Appreciating Hyde Park Parks

As we approach the warm weather of spring quarter, take a break from the rush of college life to embrace natural spaces under threat from the anthropogenic climate crisis.

By Elena Tiedens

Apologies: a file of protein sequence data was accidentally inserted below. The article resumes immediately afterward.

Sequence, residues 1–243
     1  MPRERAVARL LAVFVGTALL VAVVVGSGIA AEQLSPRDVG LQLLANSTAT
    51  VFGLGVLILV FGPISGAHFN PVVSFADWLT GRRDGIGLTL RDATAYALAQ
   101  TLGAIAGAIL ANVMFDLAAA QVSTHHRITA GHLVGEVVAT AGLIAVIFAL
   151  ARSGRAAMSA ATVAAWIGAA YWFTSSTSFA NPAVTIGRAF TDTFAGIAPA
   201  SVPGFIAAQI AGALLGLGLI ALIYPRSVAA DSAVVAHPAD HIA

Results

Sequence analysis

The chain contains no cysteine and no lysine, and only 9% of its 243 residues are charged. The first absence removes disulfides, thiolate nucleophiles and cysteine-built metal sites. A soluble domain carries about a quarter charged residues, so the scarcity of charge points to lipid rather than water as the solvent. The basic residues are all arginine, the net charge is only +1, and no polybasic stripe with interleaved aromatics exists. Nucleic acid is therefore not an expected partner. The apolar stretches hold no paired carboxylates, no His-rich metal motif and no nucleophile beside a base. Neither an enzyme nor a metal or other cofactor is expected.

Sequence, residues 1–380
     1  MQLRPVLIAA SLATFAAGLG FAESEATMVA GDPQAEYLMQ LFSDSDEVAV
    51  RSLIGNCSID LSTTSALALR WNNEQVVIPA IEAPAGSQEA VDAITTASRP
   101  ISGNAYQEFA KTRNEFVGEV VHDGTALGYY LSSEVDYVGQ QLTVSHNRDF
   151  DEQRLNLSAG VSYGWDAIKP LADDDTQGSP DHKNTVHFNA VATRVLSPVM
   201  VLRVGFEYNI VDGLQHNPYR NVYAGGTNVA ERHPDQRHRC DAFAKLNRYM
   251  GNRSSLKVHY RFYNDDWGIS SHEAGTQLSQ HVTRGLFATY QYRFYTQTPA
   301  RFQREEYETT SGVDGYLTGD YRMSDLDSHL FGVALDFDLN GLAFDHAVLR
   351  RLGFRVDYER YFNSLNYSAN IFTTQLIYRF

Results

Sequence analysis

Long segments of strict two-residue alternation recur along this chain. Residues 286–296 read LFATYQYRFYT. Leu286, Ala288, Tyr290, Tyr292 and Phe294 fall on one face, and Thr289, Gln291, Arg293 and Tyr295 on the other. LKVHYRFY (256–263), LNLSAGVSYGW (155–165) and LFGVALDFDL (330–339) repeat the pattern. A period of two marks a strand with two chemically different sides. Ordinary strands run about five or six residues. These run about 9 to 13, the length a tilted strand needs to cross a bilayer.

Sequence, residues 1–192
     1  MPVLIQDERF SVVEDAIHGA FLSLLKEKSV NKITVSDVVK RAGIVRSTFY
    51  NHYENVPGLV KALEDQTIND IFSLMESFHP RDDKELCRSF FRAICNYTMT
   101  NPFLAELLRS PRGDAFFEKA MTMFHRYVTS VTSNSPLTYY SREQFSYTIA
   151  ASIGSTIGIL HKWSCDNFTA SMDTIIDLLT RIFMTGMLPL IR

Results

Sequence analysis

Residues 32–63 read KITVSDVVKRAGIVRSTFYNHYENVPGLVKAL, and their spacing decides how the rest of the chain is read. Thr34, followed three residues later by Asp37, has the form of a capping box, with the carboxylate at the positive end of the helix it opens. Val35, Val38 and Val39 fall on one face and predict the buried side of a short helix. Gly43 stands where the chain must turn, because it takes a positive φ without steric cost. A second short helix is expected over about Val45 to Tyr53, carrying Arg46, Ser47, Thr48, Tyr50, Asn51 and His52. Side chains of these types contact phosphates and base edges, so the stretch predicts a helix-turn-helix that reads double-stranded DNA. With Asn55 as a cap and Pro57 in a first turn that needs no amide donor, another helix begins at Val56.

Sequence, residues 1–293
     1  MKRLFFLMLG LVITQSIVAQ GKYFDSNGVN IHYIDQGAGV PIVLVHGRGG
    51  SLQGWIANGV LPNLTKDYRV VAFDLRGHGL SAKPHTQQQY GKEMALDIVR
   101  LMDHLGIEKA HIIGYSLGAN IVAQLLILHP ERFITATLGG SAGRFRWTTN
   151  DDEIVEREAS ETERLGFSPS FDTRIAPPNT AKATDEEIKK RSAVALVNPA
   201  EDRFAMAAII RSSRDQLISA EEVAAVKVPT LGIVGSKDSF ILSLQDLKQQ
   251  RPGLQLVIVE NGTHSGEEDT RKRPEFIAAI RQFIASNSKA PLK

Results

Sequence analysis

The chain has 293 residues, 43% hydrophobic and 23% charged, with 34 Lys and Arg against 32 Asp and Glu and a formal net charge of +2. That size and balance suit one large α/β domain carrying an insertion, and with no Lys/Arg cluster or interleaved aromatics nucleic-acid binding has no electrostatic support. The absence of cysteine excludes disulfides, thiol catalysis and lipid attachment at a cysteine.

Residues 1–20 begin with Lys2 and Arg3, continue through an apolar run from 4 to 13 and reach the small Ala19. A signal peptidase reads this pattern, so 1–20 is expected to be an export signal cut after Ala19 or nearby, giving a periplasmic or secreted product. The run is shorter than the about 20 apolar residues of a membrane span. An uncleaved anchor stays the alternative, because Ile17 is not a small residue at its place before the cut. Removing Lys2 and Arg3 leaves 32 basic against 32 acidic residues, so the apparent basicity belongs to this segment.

When I walk from Woodlawn Residential Commons to class every day, I join a herd of students in their mad dash to make it to class on time. On either side of the Midway, we band together in anonymous diagonal lines of 20, ensuring everyone’s prompt crossing and obstructing the flow of traffic. And while I’m sure that our blatant rebuke of traffic laws annoys the drivers of Hyde Park to no end, we are relentless. We cross the street without hesitation, knowing that jaywalking is worth the good 15 seconds of travel time we save. Every day, hour, and minute feels like another effort to cut down on time in order to prioritize the important things in life, which seem to only include painstakingly perfecting a problem set, submitting that oh-so-important internship application, or spending your Google Calendar’s allotted one hour break grabbing lunch with your friend. Our constant pursuit of “success” makes us believe that our days must be scheduled down to the 15-minute mark, rushing from class to RSOs to coffee chats. In the process, we fail to see the world around us, from the first tulip in the spring to our friend waving to us from a hammock in the distance.